By Chris Gray
By Corey Deiterman
By Jef With One F
By Chris Gray
By Rocks Off
By Rocks Off
Even though it's a little after ten when I walk into the Proletariat's Saturday-night karaoke show, co-hosted by the ladies of Houston Roller Derby, the place is still a bit dead. But I had a hunch then (one that was later borne out) that if I had come out for it, surely a few more tone-deaf dweebs would be checking in later.
One of the many things that elevates a karaoke night at the Proletizzle above other such shows is the smell. It reeks of real bar here -- reminding me of the first time I came here to see a super-awesome punk band. And after tonight, I will forever have memories of my being on that very same stage. Oh, I'm getting down tonight.
Heading into the stage room, I see tonight's hostesses, the Houston Roller Derby gals. To me, they look like a mean cross between one of Tim Burton's creations and a '50s pin-up girl. They're all rolling around in a menacing way, like sharks circling in a tank -- it's like they know they own whatever place they skate into.
I sidle on out of the way and into a chair. Seating was hard to find, 'cause the derby bullies had their crap on most of them, and I was not about to just move that stuff out of the way. I wasn't even going to ask one of them to do it for me. Meanwhile, my designated driver and/or baby-sitter for the evening gets his hands on a song selection book and starts flipping the pages to find me a tune. I'm gonna kamikaze this one.
He puts me down for -- get this -- the Dexy's Midnight Runners classic "Come On Eileen." I'll do it only if I can have a sweet-ass alias. He chooses "Cindy Lou," as in the little girl from Who-ville in the Grinch story, because she has huge buckteeth -- you know what I'm talking about. Well, if I'm gonna do this, it's gotta be the right way (read: drunk), so I belly up to the bar and start in on the sauce.
About an hour later the show starts with a twentysomething who takes off his jacket to reveal an '80s-esque ensemble, complete with headband. What a nerd. Then I hear the beginning of Journey's "Don't Stop Believin'." Ah, I get it. After he puts us out of our misery, he sits back down by his bird, who's right next to me and my buddy. Faux Steve Perry gets back pats all around, and I just hope I'm half as good as he was.
A couple of rounds into this, I find myself drinking a Chardonnay -- really rock and roll, huh? My veteran drunk pals look at me like I'm some kind of stuck-up broad, but hey -- I get lit faster this way. And I know I'll puke if I drink "real" booze, so there.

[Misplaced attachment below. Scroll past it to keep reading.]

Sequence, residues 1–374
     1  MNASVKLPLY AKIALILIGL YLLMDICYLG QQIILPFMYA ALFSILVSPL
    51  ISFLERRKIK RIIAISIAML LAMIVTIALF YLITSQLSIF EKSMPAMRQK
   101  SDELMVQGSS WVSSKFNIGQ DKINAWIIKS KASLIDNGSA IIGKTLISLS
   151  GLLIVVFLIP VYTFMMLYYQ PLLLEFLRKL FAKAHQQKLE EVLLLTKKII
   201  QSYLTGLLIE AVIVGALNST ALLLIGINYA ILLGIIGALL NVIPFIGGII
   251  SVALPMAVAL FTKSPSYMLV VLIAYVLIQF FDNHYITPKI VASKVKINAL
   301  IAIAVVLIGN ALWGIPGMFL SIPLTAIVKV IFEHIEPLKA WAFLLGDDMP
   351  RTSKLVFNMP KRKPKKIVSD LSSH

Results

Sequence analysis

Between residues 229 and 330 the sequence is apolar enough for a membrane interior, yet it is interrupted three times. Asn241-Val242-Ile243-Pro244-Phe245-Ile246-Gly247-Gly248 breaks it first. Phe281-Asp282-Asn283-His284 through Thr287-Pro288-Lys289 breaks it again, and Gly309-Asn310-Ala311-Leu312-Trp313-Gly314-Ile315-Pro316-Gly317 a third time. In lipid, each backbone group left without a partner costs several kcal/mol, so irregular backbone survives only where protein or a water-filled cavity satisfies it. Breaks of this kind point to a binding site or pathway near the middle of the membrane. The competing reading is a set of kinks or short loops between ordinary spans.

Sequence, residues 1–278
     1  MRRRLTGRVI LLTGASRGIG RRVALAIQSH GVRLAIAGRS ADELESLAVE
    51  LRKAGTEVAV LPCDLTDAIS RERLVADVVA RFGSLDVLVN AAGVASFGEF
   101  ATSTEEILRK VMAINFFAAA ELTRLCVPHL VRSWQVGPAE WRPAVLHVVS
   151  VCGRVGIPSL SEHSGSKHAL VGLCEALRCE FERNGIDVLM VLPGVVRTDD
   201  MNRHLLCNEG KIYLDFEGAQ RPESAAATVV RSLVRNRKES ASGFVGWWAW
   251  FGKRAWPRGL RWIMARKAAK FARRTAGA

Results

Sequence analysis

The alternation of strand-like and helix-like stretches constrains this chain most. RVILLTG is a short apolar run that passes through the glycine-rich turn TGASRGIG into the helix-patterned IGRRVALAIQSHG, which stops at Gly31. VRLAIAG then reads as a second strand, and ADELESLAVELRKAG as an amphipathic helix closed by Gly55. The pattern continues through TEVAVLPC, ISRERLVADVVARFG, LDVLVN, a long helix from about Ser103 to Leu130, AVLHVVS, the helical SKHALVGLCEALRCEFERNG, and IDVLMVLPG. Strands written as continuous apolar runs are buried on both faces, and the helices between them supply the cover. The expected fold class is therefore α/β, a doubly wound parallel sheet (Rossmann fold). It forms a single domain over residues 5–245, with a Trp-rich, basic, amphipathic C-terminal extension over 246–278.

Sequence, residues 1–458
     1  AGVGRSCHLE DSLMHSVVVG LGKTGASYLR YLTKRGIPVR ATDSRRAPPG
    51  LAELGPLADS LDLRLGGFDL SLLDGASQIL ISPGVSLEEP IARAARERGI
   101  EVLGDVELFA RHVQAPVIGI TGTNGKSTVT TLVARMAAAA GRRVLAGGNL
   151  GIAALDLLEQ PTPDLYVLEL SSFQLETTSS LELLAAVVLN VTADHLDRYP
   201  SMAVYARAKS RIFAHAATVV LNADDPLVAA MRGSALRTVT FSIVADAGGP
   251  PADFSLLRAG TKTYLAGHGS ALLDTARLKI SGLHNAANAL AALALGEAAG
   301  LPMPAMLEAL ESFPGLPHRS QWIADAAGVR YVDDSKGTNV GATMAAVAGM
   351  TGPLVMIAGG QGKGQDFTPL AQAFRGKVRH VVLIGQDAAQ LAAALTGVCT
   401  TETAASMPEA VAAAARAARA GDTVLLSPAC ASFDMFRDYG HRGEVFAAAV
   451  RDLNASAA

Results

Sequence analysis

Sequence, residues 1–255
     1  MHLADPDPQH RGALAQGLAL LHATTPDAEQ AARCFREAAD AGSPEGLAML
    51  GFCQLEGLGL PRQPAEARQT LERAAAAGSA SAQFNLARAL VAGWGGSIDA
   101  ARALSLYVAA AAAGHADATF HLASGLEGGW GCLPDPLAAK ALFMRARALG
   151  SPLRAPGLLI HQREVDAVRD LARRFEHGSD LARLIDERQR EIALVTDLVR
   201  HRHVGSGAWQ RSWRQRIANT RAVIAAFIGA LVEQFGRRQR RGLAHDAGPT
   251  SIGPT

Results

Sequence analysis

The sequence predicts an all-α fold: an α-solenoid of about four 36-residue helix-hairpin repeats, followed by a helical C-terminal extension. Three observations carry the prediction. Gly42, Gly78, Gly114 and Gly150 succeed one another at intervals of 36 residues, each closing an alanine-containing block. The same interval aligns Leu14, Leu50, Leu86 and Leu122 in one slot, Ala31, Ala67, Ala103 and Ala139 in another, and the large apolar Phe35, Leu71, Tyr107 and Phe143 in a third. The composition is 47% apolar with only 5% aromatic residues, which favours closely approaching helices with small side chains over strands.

As I listen to other karaoke-ites rock it, I get nervous and start making out with my wine. A girl hits Nena's "99 Red Balloons" dead on. As a matter of fact, I haven't heard any real amateurs yet, except for one jolly fellow who crooned some vulgar song from South Park. (Thank you, mister, for making the whole Prole squirm.) And one other guy Linkin Parked his way through the lyrics to "Total Eclipse of the Heart," but he made up for it by dancing like a sexy beast.
The DJ summons little Cindy Lou, and I crawl onto the stage from the front and do my thang. I get the crowd going as much as a little five-foot Hispanic can, baring my belly and thrusting my Elvis pelvis. When it's all over, it's my turn for the back pats.
They feel earned.
Nature calls. In the ladies' room, I run into a derby girl -- a huge, rather intimidating one. I want to ask her what the hell roller derby is, but I value my full complement of teeth, so I duck into a stall instead. Another lady in there doesn't seem at all fazed by the six-foot-tall Amazon. While the two of them share the sink, she pretty much asks the Amazon the questions I'm too scared to ask, and I hide in my stall and scribble her answers on a Wal-Mart receipt. I still don't quite get how it works, but basically they just skate and try to knock down the other team with sheer brute force, using elbows and moves from Tom and Jerry. Walking out of the stall, I get a view of the back of the roller derby lady's vest. It has "KILLA" embroidered on it. That's awesome.
When I return to my seat, I find it's been taken over by the derby people. They seem to have set up a charity arm-wrestling table, where they charge $5 per contest. The proceeds go to the Katrina Piano Fund, to help New Orleans musicians get new instruments. I ask to take a picture, and they make me pay for the privilege. I feel super-puny at this ganking for charity, but at least it's all for a good cause.